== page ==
TIME Foreign Policy

U.S. Sanctions North Korea Over Sony Hack

U.S. President Barack Obama, left, and North Korean leader Kim Jong Un.
AP U.S. President Barack Obama, left, and North Korean leader Kim Jong Un.

Billed as the "first aspect" of the Obama Administration's response

The United States is imposing sanctions on North Korea following last year’s devastating hack of Sony Pictures Entertainment, the White House said Friday, calling them the “first aspect of our response” to the cyberattack.

President Barack Obama signed an executive order Friday authorizing additional actions against the North Korean government following the November cyberattack, which U.S. government agencies, including the Federal Bureau of Investigation, have pinned on the isolated country’s government. The new sanctions will initially prohibit 10 individuals and three organizations access to U.S. financial systems, including North Korea’s main intelligence agency and it’s primary arms exporter. Among the individuals who are facing sanctions are representatives of the government and its state-owned enterprises to Iran, Russia, China, Sudan and Namibia. Others may soon face sanctions as well. None of the officials are being sanctioned because they were directly involved in the Sony hack, a senior Administration official said. The sanctions are on top of long-standing penalties in place for to limit the country’s nuclear program and its human rights abuses.

READ MORE New research blames insiders, not North Korea, for Sony hack

“The E.O. authorizes the Secretary of the Treasury to impose sanctions on individuals and entities associated with the Government of North Korea,” White House Press Secretary Josh Earnest said in a statement. “We take seriously North Korea’s attack that aimed to create destructive financial effects on a U.S. company and to threaten artists and other individuals with the goal of restricting their right to free expression.”

The hack left Sony reeling from the online publication of executives’ embarrassing emails, salary information and more. It was seen by some as retaliation for Sony’s movie The Interview, which depicts a fictional assassination plot against North Korean leader Kim Jong Un. Threats from hackers of 9/11-style attacks against theaters that screened the film initially led Sony to cancel its Christmas Day release, but it has since been screened in many small theaters and made available for streaming online. North Korea has denied being behind the hack, and some security experts have pointed to the possibility of insiders being responsible instead.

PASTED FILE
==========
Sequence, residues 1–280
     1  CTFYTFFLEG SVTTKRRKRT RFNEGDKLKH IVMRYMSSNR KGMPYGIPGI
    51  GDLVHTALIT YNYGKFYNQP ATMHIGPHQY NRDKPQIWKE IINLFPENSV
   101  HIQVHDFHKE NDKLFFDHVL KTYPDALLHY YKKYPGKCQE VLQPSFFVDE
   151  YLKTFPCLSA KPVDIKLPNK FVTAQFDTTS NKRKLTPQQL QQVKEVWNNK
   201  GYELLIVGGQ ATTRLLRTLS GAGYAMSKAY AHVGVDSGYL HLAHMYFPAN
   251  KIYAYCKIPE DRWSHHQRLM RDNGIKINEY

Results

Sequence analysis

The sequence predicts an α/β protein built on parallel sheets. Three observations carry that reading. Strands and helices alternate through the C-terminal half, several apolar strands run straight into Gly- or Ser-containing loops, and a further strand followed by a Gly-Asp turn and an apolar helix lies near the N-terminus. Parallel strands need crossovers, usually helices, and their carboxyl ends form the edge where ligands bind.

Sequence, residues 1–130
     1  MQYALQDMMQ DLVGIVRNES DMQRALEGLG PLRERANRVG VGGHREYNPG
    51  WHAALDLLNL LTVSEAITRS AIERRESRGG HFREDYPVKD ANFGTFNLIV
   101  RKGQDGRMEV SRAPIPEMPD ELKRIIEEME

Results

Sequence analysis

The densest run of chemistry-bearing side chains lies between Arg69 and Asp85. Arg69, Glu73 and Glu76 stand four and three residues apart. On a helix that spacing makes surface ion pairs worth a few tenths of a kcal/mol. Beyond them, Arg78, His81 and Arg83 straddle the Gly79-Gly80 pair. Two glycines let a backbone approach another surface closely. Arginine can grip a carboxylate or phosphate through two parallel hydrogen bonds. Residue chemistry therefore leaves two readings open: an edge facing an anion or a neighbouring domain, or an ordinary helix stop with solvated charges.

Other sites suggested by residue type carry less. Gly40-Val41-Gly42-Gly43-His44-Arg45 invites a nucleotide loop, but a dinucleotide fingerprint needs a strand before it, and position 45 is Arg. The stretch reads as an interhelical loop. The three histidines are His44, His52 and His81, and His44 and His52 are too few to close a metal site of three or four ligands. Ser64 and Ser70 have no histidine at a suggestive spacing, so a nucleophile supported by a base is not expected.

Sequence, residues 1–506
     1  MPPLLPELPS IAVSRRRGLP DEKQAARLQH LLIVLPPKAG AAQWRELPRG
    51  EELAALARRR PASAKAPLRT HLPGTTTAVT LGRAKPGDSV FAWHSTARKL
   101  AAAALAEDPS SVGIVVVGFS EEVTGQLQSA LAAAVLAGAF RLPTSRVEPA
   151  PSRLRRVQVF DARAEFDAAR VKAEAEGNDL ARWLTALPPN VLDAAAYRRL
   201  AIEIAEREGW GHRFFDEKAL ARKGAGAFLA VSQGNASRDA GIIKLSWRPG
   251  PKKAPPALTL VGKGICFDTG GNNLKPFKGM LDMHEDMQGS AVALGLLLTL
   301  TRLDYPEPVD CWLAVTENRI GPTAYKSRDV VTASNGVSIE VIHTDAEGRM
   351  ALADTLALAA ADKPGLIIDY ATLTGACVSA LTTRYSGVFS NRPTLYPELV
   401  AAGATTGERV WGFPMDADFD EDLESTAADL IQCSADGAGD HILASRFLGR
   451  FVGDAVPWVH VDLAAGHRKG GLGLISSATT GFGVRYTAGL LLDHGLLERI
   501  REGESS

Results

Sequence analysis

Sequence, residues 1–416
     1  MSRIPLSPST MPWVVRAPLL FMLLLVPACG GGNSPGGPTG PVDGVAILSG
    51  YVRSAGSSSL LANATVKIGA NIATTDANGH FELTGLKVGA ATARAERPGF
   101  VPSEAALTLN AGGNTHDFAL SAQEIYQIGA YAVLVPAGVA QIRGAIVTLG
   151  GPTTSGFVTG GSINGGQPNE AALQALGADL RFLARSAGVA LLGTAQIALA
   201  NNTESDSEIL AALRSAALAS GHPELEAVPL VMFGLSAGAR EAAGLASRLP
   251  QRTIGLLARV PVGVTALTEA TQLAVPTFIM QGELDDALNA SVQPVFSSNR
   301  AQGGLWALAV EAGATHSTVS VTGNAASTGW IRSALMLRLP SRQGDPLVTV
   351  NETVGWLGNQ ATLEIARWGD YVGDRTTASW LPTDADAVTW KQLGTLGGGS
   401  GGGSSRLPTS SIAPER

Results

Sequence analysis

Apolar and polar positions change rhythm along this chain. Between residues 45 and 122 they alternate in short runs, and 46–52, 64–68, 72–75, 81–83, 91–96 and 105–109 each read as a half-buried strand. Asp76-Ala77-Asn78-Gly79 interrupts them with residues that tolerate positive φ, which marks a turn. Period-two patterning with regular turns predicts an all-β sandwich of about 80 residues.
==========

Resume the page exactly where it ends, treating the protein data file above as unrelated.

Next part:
“We stand firmly behind our call that [North Korea] was behind the attack into Sony,” a senior Administration official said. “Some of the same cybersecurity firms don’t have access to the same [intelligence].”

In his end-of-year news conference last month, Obama promised that the U.S. government would respond, but would not discuss the specifics. That was followed by Internet outages in North Korea, but it’s unclear if those incidents were related. “They caused a lot of damage, and we will respond,” Obama said. “We will respond proportionally, and we’ll respond in a place and time and manner that we choose.”

“The actions taken today under the authority of the President’s new Executive Order will further isolate key North Korean entities and disrupt the activities of close to a dozen critical North Korean operatives,” Treasury Secretary Jack Lew said in a statement. “We will continue to use this broad and powerful tool to expose the activities of North Korean government officials and entities.”

Read next: State Department Insists North Korea Behind Sony Hack

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